Dale Crafts boasts of backing Maine’s largest tax cut, but legislative record is less clear

When Republican businessman and former state legislator Dale Crafts launched his campaign for Maine’s second congressional district last October, it took him only four minutes into his speech to talk about a key moment of his eight years in the state house of representatives.“As a member of the state Legislature in 2011, I voted for the largest tax cut in Maine history,” said Crafts, who beat two opponents in a July primary to face freshman Democrat Rep. Jared Golden on Nov. 3.In an interview with me immediately following his announcement speech, Crafts again took credit for supporting the tax cut.“We had the biggest tax cut – we took 70,000 people, low-income people, who don’t even have to pay taxes. The economy improved,” he said.The $6 billion 2011 biennial budget signed by former Gov. Paul LePage, a Republican, did lower income tax rates with a state record $150 million in tax cuts.Crafts, 61, served in the Legislature from 2008-2016 representing his hometown of Lisbon.“I just voted the way I thought was right,” Crafts told me in a June interview. I asked him if that 2011 tax cut vote was among his proudest? He replied, “I think it is right on top of the list, because we saw good results from that.”However, the public record of the Legislature’s roll call votes shows Crafts actually voted against final passage of the 2011 budget –twice — on June 15 and again on June 16. The second vote let LePage implement the law right away, rather than waiting the usual 90 days. Crafts was one of only three Republican house members to oppose the budget, along with Jeff Timberlake and Paul Davis, who both now serve in the state senate.“It didn’t go far enough with tax cuts,” Davis said in a telephone interview. “I thought we could get quite a bit more.”Crafts objected to the spending, according to a written statement today.“As you will see with my consistent record in Augusta, I stood on my principles as a fiscal hawk that believes in less spending and voted against final enactment of that budget,” Crafts said. “I worked alongside Gov. Paul LePage to lower taxes and helped bring people together to pass the largest tax cut in Maine’s history.”LePage recruited Crafts the race, publicly endorsed him as soon as he announced, and has campaigned with him.The legislative record indicates Crafts agreed to the 2011 budget once in a unanimous house voice vote concurring with the senate’s final version of bill, on June 15, 2011, the same bill he voted against in a roll call the next day.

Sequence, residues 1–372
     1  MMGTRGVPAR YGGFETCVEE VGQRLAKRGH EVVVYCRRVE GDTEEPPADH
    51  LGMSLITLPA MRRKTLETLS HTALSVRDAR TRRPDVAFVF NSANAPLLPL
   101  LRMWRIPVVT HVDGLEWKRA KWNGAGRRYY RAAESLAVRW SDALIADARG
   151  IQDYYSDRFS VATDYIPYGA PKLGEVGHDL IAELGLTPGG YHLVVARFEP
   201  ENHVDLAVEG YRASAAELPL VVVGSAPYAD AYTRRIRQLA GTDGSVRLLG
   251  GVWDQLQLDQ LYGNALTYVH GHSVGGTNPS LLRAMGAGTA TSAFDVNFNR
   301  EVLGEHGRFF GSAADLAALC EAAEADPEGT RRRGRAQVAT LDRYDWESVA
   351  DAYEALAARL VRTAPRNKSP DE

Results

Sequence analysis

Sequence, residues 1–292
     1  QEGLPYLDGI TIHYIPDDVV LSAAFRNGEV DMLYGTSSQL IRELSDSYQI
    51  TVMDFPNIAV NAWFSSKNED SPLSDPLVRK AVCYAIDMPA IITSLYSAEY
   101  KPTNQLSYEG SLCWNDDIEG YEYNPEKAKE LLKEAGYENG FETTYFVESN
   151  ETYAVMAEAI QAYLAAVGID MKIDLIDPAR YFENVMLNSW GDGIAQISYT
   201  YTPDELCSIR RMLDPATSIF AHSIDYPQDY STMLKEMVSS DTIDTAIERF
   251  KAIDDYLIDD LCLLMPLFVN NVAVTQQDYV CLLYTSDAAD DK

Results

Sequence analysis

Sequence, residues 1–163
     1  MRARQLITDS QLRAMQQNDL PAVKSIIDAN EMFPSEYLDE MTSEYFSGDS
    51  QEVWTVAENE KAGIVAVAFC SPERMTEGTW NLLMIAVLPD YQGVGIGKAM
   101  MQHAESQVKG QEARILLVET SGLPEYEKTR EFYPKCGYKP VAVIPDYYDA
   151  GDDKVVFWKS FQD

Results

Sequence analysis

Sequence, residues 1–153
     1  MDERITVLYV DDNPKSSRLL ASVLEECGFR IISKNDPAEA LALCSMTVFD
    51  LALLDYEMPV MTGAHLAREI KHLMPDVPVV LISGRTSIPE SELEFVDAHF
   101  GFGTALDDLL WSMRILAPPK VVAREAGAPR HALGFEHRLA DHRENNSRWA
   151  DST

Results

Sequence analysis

When Republican businessman and former state legislator Dale Crafts launched his campaign for Maine’s second congressional district last October, it took him only four minutes into his speech to talk about a key moment of his eight years in the state house of representatives.

“As a member of the state Legislature in 2011, I voted for the largest tax cut in Maine history,” said Crafts, who beat two opponents in a July primary to face freshman Democrat Rep. Jared Golden on Nov. 3.

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In an interview with me immediately following his announcement speech, Crafts again took credit for supporting the tax cut.

“We had the biggest tax cut – we took 70,000 people, low-income people, who don’t even have to pay taxes. The economy improved,” he said.

The $6 billion 2011 biennial budget signed by former Gov. Paul LePage, a Republican, did lower income tax rates with a state record $150 million in tax cuts.

Crafts, 61, served in the Legislature from 2008-2016 representing his hometown of Lisbon.

“I just voted the way I thought was right,” Crafts told me in a June interview. I asked him if that 2011 tax cut vote was among his proudest?

He replied, “I think it is right on top of the list, because we saw good results from that.”

However, the public record of the Legislature’s roll call votes shows Crafts actually voted against final passage of the 2011 budget –twice — on June 15 and again on June 16. The second vote let LePage implement the law right away, rather than waiting the usual 90 days.

Crafts was one of only three Republican house members to oppose the budget, along with Jeff Timberlake and Paul Davis, who both now serve in the state senate.

“It didn’t go far enough with tax cuts,” Davis said in a telephone interview. “I thought we could get quite a bit more.”

Crafts objected to the spending, according to a written statement today.

“As you will see with my consistent record in Augusta, I stood on my principles as a fiscal hawk that believes in less spending and voted against final enactment of that budget,” Crafts said. “I worked alongside Gov. Paul LePage to lower taxes and helped bring people together to pass the largest tax cut in Maine’s history.”

LePage recruited Crafts the race, publicly endorsed him as soon as he announced, and has campaigned with him.

The legislative record indicates Crafts agreed to the 2011 budget once in a unanimous house voice vote concurring with the senate’s final version of bill, on June 15, 2011, the same bill he voted against in a roll call the next day.